Many don’t know there is a difference between a patent attorney and a registered patent agent.  In the US, a patent attorney is both a registered patent agent and an attorney at law.  It means that a patent attorney has both a degree in either science or engineering and a law degree, in most cases a Juris doctoral (JD) degree.  A registered patent agent usually has a degree in science or engineering, but not a law degree.  A registered patent agent is authorized to represent a client in matters such as patent application, but not in matters involving infringement or other legal issues.  However, because patent application and prosecution are closely related to infringement, a patent attorney is obviously a more preferred choice for all patent matters.  Many patent agents are hired by law firms.  There are both a plus and minus of this.  On one hand, being with a law firm means that a patent agent is at least nominally under supervision of a patent attorney in the same law firm.  On the other hand, because most patent prosecution work is done by an individual patent attorney or patent agent even if the applicant hires a large law firm, the applicant could be unwittingly thinking that he has hired a prestigious law firm while in fact all the work is done by a nonlawyer.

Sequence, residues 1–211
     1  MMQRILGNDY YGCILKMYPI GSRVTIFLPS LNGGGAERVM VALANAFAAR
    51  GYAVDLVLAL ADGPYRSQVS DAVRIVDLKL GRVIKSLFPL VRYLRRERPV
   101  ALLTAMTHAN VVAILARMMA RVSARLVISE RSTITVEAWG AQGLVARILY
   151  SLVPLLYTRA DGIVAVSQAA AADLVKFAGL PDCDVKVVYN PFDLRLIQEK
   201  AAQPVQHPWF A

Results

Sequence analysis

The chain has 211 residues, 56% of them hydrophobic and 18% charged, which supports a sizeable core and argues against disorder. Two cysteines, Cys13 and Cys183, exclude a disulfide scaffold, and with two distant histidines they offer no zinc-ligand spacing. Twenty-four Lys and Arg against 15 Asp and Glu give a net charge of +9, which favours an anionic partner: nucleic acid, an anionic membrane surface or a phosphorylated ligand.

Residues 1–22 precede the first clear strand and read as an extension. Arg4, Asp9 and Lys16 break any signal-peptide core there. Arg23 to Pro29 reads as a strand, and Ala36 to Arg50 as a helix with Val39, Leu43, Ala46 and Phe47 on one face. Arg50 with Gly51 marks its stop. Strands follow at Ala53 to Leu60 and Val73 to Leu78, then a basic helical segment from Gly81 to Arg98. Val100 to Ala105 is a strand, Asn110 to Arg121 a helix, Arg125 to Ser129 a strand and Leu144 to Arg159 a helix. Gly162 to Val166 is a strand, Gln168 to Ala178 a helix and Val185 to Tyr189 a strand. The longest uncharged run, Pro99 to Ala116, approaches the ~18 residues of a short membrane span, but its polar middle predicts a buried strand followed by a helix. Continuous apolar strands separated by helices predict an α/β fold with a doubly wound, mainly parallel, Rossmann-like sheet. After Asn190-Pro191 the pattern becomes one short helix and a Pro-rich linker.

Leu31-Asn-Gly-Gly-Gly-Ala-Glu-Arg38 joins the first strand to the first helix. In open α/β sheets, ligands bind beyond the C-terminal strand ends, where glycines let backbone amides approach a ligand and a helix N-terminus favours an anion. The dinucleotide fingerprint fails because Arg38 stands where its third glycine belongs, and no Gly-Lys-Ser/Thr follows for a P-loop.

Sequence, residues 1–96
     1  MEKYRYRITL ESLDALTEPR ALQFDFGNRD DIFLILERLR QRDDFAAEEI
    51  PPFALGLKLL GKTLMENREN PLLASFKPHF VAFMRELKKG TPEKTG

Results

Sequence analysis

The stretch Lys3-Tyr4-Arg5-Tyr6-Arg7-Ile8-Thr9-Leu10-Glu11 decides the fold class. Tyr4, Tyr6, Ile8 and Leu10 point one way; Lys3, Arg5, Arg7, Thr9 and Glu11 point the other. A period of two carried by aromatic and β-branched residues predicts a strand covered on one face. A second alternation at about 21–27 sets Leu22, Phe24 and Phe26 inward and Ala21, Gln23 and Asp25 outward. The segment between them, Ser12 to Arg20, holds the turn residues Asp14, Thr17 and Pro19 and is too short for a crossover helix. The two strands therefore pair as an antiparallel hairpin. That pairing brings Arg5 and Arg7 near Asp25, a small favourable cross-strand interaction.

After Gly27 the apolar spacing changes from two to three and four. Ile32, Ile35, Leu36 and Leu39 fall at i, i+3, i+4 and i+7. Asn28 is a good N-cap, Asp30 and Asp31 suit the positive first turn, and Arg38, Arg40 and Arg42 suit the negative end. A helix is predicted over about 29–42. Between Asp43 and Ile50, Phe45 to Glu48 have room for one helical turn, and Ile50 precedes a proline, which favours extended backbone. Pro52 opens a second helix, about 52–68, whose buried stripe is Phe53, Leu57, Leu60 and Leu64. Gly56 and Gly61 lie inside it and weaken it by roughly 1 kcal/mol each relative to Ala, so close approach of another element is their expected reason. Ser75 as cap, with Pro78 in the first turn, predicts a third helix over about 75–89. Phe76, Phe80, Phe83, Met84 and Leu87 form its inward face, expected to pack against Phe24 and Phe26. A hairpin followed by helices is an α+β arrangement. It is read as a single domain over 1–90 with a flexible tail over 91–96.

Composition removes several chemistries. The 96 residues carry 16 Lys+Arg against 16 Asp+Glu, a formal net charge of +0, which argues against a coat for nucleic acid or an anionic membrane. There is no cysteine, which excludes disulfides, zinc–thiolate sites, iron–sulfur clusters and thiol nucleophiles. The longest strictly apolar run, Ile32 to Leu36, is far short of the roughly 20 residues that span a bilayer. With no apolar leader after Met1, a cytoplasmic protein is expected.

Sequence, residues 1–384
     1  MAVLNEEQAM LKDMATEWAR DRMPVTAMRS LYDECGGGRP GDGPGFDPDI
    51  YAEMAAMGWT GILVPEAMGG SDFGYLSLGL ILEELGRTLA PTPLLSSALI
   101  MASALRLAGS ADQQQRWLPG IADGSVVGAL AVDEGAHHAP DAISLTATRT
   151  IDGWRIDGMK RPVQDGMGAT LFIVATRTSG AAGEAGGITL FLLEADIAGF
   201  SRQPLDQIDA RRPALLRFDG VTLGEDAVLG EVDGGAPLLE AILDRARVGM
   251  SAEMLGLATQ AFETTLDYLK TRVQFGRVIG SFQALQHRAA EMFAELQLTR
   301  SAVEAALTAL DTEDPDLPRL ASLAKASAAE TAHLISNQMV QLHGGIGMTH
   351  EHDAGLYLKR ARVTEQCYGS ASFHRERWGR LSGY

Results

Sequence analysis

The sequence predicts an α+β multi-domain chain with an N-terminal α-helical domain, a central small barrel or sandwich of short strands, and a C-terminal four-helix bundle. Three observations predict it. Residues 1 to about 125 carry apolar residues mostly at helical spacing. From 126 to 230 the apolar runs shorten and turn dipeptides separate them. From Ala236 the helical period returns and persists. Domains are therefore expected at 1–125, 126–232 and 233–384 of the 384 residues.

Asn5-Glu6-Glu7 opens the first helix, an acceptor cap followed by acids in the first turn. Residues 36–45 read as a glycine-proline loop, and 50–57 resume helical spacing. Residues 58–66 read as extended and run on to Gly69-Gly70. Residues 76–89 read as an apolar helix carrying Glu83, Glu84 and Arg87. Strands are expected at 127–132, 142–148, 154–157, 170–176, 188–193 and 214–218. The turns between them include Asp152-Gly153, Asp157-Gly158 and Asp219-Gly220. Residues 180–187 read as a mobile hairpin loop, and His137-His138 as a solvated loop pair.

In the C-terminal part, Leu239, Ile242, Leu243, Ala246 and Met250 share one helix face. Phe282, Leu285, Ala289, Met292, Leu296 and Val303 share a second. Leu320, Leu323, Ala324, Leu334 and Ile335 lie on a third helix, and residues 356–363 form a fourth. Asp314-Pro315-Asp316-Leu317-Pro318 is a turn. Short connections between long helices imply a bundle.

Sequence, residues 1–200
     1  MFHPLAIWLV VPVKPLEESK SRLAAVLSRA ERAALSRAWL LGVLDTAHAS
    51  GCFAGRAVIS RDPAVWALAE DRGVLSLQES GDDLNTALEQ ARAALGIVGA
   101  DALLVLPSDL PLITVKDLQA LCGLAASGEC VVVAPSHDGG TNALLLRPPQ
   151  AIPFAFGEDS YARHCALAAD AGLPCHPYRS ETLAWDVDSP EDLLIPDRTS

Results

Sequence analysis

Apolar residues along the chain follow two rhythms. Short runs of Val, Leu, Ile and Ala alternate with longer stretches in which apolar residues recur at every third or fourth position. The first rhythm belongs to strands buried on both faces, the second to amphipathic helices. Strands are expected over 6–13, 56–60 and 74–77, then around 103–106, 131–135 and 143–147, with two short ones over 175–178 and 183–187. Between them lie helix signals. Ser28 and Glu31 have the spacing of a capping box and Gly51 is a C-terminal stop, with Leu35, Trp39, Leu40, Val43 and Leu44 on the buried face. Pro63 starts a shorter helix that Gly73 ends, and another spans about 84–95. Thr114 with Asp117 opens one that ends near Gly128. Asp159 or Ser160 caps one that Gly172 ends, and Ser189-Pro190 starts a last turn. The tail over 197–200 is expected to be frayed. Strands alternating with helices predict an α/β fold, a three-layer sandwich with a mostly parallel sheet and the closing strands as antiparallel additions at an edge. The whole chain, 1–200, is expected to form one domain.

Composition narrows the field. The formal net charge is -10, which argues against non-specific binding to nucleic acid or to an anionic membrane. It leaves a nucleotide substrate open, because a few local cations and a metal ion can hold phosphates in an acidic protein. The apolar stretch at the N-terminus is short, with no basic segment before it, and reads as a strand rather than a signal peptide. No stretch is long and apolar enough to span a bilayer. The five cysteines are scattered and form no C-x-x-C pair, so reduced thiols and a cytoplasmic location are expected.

In some countries, such as China, there are really no “patent attorneys” in real sense but only registered patent agents.  Unfortunately, in such countries, registered patent agents are called, mistakenly, “patent attorney.”